Cork's first boundary extension in 54 years will mean a major shake-up for voters at the polls on Friday.

Local elections: Boundary shake-up takes hold

With Cork city’s boundary extension seeing the likes of Cork Airport, Ballincollig, Douglas, Blarney and Glanmire coming into the city, there are major changes afoot for voters in this year’s local elections.

Despite the city quadrupling in size, the number of councillors remains at 31.

The northside has been merged into two six-seater electoral wards, Cork City North-East and Cork City North-West. The change splits Blackpool in two, with Cork City North-East welcoming The Glen and Ballyvolane as well as a large chunk from the county including Kilbarry, Dublin Pike, Sarsfield Court, Glanmire and Dunkettle.

Five current city councillors and one county councillor are vying for a seat in the North-East; Fianna Fáil councillors Tim Brosnan and Kenneth O’Flynn, Fine Gael’s Joe Kavanagh and Worker’s Party Cllr Ted Tynan, along with Independent Cllr Ger Keohane. Sinn Féin Cllr Mick Nugent comes into the ward having previously established himself in the North-West, topping the vote in 2014.

As well as major residential hubs like Fair Hill, Knocknaheeny, Farranree, Gurranabraher and Sunday’s Well, Cork City North-West will also take in Blarney, a major sticking point in last year’s boundary discussions.

The ward jumps from four councillors to six, with most candidates again coming from the city including Fianna Fáil’s Tony Fitzgerald and John Sheehan, Sinn Féin’s Kenneth Collins and Thomas Gould, Independent Joe O’Callaghan and Solidarity’s Fiona Ryan. Independent County Cllr Kevin Conway, who is currently running his campaign from hospital as he battles cancer, is also hoping to be elected to the ward.

On the southside, the controversial inclusion of Ballincollig in Cork City South-West, now the most populous city ward, irked the likes of Fine Gael’s Derry Canty, who nevertheless joins party colleague PJ Hourican, Fianna Fail’s Fergal Dennehy, Sinn Fein’s Henry Cremin and Independent Thomas Moloney in re-running in the seven-seater ward. With several retirements, there is opportunity for the likes of Sinn Féin first-time runner Eolan Ryng and Fine Gael candidates Sinead Ronan and Garret Kelleher, the latter of whom marginally missed out on a county seat in 2014.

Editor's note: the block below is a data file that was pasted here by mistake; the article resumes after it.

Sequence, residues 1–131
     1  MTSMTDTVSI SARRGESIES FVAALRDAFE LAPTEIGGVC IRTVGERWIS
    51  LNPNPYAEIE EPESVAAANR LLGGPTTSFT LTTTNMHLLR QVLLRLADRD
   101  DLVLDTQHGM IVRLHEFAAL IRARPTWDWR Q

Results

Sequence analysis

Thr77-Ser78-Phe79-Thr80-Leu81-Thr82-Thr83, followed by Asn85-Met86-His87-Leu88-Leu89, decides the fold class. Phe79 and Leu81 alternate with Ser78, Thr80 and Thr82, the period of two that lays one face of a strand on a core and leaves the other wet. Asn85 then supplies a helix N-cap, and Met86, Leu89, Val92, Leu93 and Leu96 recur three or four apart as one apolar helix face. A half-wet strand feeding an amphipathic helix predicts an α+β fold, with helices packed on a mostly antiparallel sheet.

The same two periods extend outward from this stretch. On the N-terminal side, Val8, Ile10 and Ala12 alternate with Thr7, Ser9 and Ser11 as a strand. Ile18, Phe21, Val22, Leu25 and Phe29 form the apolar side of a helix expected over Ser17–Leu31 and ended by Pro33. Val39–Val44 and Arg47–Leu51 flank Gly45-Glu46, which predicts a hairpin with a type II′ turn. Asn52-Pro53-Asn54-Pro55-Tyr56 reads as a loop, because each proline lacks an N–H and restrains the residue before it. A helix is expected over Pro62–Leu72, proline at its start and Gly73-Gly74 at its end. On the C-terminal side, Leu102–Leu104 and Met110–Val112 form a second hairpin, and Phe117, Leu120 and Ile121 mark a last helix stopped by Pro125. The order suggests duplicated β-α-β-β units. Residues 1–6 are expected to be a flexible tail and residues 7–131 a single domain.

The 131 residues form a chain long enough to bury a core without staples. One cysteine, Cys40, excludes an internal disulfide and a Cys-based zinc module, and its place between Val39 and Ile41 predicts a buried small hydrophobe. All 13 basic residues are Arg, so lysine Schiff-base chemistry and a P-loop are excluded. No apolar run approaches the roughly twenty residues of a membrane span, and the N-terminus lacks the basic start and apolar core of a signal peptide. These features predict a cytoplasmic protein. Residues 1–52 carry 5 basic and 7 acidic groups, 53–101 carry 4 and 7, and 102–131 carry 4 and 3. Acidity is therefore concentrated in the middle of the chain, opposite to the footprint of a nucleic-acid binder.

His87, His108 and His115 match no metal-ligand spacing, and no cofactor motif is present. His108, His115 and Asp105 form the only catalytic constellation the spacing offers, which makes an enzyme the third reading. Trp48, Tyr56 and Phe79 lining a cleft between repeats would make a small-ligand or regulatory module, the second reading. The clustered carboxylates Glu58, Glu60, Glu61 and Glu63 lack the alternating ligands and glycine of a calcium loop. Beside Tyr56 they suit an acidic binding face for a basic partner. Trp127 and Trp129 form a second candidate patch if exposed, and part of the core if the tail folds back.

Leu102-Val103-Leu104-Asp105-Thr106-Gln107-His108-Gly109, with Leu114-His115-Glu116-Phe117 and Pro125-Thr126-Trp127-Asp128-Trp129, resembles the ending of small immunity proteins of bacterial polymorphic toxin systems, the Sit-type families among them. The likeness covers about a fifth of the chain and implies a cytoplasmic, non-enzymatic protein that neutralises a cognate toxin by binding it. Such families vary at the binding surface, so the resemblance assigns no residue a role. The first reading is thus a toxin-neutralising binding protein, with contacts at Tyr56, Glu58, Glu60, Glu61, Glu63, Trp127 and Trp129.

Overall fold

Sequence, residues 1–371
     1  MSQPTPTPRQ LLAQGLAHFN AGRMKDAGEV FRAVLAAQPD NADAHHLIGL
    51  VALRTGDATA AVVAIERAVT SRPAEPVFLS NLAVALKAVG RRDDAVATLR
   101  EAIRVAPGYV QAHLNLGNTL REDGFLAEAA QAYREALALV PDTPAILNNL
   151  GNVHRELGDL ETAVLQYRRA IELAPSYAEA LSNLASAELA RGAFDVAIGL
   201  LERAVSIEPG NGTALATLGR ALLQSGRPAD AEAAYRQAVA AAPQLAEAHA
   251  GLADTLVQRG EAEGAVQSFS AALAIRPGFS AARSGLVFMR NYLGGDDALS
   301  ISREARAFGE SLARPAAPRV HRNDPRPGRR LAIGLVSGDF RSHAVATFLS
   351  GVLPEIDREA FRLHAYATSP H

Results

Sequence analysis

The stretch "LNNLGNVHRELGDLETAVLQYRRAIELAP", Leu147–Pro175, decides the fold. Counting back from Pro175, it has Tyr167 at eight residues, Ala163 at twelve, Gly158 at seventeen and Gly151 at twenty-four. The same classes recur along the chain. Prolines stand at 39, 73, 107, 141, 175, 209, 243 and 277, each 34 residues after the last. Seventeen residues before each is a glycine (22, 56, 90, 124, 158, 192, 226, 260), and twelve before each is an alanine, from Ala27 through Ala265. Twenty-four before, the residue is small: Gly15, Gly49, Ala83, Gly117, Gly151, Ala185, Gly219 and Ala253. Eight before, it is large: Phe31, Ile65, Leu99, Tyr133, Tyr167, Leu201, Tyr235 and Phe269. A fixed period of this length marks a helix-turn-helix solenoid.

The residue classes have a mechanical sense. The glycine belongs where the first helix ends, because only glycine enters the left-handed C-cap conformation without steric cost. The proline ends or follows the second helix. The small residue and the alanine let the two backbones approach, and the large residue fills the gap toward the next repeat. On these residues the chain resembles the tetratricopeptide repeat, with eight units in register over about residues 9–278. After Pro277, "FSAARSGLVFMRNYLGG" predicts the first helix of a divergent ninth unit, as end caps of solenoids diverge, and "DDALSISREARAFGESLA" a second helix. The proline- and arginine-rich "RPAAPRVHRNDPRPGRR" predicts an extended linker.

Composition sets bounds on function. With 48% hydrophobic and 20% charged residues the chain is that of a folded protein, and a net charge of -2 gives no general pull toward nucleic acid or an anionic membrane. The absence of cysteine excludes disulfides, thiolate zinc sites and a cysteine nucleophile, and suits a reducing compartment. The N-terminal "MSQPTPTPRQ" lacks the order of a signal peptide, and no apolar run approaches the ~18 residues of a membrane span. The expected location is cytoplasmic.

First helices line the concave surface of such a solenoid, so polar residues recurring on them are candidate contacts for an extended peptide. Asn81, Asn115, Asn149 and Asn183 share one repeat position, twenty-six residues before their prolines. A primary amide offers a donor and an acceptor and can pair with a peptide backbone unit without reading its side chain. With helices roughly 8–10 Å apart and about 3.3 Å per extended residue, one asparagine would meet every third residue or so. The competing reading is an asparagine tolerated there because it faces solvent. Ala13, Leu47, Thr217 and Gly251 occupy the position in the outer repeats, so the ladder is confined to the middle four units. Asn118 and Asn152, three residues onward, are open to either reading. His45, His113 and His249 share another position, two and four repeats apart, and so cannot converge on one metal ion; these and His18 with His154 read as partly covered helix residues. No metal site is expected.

Cork City South-East is arguably one of the most competitive wards, with a total of eight city and county councillors battling for only six seats. Douglas-based Deirdre Forde, Mary Rose Desmond and Joe Harris see their area come into the city, with Cobh Cllr Diarmaid O’Cadhla also running in the ward. They will be up against existing city big hitters Des Cahill, Terry Shannon, Chris O’Leary and Kieran McCarthy. Labour’s Peter Horgan is the most prominent first-time runner, and will be hoping to make inroads after a vocal campaign.

Six-seater Cork City South-Central is the smallest ward, encompassing areas like Ballyphehane, the Lough, UCC and a large part of the city centre south of Patrick’s Quay, also taking in parts of Togher and Grange.

Fianna Fáil councillor Seán Martin is running again, as are current Lord Mayor Cllr Mick Finn and publican Paudie Dineen, both independents. South-Central is the only ward where Fine Gael lack any representation, and they have put forward barrister Shane O’Callaghan. Sinn Féin will run councillors Fiona Kerins, who finished second to Cllr Finn by just three votes in 2014, and Eoghan Jeffers, who comes in from the county. Independent Graham O’Shea is hoping to become the first deaf councillor in the city.

While turnout is difficult to predict, a Cork Independent Twitter poll conducted this week found that 84 per cent of respondents intend to vote in Friday's elections. Turnout at both the 2014 local and European elections was just 52 per cent.